First, let me caution you…not only is the format of the exam vastly different from the USMLE Step 1; but also the structure of the exam. The three 'P’s that Nat refers to: Path, Phys & Pharm VERY MUCH apply to the COMLEX! In fact, I think the COMLEX emphasized Pharm substantially more than did the USMLE.
The COMLEX Step 1 is a very clinically oriented exam. The information tested is the same as you will encounter on the USMLE…afterall, we all took the same courses! However, the manner in which COMLEX tests this data is much more from a disease and clinical perspective. I used the same exact books to prepare for the COMLEX as I did for the USMLE. But, the way I prioritized them is very different. In as far as preparation strategy, I will refer you to the thread on “USMLE Step I & Step II” as Nat does an excellent job of describing exactly how you should do it.
COMLEX Step 1:
#1: Step Up to the Boards: Honestly, if the title did not state otherwise, I would swear that this book was designed to prepare for the COMLEX instead of the USMLE. Friends & Romans, this is how the COMLEX tests the information from years 1 & 2. It is essentially the same data that you find covered in First Aid, Kaplan Q-Bank, Buzzwords and all of the others, but it is presented in a succinct, down & dirty, systems or disease based format. This is how you will need to be able to relate to this info come test time!
#2: First Aid for the USMLE Step 1 - KNOW this book! You should have read it, cover to cover, at least 5 times PRIOR to taking the COMLEX. No, it is not presented from a clinical perspective as in Step Up. But, it is a succinct, down & dirty presentation of a wealth of info that you must be very familiar with to score well on the COMLEX. No, it is not highly detailed – but overloading your noggin with details or minutiae is not how your score well on the COMLEX. You score well by understanding conceptually what was taught in years 1 & 2 and applying it to clinical vignettes and stand alone style questions. The COMLEX expects you to be ably to apply this information and not simply regurgitate it. The COMLEX also loves to test your recall through stand-alone questions over most common this, least common that, rate limiting this, most common side effect of __.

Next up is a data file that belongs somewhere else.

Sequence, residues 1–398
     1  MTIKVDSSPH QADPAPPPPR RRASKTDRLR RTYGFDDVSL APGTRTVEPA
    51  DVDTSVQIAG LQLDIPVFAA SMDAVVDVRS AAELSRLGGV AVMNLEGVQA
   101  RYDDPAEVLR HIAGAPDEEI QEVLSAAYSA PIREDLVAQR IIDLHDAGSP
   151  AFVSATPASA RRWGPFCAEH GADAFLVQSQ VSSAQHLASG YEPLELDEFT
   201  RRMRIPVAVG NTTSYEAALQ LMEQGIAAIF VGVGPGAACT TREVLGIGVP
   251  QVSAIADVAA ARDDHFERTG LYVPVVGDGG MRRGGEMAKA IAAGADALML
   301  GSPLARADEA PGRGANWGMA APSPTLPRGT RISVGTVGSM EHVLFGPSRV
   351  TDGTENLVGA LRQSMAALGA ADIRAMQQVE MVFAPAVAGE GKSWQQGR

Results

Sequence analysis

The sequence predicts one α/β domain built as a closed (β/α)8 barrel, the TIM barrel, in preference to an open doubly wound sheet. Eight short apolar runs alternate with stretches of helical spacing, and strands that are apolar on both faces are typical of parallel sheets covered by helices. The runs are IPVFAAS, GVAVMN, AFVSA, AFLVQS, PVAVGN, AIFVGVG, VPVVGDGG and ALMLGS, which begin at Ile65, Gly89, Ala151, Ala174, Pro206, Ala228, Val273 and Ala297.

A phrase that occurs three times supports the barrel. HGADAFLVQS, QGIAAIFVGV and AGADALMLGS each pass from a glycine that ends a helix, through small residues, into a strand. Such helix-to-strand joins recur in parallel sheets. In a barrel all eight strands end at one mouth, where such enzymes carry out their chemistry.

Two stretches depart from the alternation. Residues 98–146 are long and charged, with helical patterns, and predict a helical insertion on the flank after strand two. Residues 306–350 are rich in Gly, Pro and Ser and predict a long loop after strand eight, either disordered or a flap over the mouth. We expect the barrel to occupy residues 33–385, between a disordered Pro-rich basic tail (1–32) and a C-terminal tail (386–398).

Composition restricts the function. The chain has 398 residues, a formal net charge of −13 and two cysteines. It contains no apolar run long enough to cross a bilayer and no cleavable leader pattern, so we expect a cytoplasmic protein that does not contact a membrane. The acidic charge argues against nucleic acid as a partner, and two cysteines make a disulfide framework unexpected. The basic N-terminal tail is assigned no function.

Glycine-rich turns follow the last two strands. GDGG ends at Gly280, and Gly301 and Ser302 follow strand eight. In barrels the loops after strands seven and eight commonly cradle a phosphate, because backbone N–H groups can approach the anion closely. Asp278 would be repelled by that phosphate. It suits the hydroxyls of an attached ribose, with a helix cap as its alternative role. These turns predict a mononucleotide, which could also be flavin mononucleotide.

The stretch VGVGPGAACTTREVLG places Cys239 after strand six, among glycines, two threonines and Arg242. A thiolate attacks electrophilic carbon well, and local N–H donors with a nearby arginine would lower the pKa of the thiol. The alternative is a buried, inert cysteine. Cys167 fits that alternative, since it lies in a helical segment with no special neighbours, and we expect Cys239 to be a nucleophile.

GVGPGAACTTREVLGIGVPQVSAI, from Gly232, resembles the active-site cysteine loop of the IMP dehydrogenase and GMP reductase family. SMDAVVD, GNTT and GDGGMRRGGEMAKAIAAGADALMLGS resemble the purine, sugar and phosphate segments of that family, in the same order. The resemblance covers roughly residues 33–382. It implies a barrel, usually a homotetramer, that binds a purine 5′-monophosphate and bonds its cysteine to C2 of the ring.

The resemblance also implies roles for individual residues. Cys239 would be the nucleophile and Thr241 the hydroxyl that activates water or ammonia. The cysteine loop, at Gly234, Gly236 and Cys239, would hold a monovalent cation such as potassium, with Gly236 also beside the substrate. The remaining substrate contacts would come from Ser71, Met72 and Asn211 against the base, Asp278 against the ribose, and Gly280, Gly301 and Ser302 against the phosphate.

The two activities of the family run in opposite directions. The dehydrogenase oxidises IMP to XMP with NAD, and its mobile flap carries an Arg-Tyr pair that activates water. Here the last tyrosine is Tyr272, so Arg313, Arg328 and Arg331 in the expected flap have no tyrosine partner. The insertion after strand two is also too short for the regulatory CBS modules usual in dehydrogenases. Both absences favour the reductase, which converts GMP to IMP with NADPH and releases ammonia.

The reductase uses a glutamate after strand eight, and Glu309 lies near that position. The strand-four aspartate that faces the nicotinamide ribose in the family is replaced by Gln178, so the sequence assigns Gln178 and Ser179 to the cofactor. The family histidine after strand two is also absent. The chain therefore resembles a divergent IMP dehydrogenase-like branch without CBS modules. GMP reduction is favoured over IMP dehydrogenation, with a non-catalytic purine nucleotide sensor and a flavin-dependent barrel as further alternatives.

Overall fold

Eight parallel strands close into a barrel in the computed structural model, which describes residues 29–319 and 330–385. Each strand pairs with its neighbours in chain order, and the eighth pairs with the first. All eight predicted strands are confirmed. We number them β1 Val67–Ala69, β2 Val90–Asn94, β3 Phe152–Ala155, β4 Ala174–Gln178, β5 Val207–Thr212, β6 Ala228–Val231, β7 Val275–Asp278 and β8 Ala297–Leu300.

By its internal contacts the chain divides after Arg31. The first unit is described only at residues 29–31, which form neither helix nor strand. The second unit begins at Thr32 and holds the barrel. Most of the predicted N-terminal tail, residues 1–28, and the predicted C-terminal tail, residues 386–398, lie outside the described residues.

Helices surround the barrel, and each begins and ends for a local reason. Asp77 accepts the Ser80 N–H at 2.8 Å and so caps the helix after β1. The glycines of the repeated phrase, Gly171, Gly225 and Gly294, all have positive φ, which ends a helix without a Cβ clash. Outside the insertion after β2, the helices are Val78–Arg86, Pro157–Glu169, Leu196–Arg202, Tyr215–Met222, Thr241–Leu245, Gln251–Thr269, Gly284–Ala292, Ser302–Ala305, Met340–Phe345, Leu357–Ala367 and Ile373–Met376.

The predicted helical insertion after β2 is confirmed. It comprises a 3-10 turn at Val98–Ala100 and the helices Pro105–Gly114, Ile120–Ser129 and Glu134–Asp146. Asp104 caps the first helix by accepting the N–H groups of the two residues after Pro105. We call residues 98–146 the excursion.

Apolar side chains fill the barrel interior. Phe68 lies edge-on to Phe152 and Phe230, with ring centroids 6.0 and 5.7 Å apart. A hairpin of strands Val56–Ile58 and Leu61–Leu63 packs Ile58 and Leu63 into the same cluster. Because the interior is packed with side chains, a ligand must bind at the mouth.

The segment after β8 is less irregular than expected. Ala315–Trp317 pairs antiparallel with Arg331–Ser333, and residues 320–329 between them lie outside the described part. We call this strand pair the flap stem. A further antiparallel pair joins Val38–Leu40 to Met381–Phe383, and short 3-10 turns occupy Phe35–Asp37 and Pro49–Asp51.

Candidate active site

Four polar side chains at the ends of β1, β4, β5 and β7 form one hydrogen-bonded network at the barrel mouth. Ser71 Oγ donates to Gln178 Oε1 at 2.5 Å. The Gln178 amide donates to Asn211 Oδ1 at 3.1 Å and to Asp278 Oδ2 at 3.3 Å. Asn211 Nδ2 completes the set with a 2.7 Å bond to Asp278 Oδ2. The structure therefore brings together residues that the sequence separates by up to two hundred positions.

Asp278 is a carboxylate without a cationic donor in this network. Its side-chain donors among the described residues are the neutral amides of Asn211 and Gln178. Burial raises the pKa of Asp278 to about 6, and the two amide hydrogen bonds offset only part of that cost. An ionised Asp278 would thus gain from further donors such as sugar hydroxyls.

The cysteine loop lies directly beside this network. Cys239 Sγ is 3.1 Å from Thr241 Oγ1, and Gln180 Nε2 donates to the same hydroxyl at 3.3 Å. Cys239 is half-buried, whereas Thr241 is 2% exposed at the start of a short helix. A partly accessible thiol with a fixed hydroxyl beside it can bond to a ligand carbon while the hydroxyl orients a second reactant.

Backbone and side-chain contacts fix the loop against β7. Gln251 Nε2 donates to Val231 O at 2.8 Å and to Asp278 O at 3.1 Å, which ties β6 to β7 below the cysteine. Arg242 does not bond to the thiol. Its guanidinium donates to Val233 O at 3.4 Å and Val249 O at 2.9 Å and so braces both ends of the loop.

#3: Buzzwords for the Boards: Step 1 - Since they are typically lower yield topics, I chose to review Micro & BioChem in this books format, which is literally one-liner statements organized under broad topics: most common this, least common that, rate limiting this…
#4: Kaplan Q-bank - I did not feel that Kaplan Q-bank was very helpful with COMLEX prep. I actually enrolled specifically for the purpose of USMLE prep. Had I done so in prep for the COMLEX, I would have felt that I blew the fee without much yield. Again, as the USMLE is striving to become more & more clinical in its testing perspective, the Kaplan Q-bank will follow suit. I suspect, as this process evolves, the Q-bank will become progressively more valuable for COMLEX prep.
Another tactic I employed, and felt was highly beneficial, was quizzing one another. I had a study partner…one that was very very low maintenence!!! We actually did not study together, per se…we simply studied in the same room and fielded questions or talked through problems when we encountered them. But, 2x per week early on, and more frequently closer to the testing date, we would allot 2 hours to simply quiz one another, 1 hour each. We’d randomly pick up any of the three books we were using, randomly open to a page and make up questions…over time, you’ll get much better at using key words & phrases to zero in on answers. It is especially helpful to know these when playing the POE game .

geez – nobody has replied here at all – !!!
thanks for the tips Dave – I will be doing Comlex level one next June and am begining to panic a little already – and we are only in the middle of Musculo skeletal. A group of us “Olde Phartes” at UNECOM have formed a study group to start to focus a little with the intent of hitting it hard after Christmas –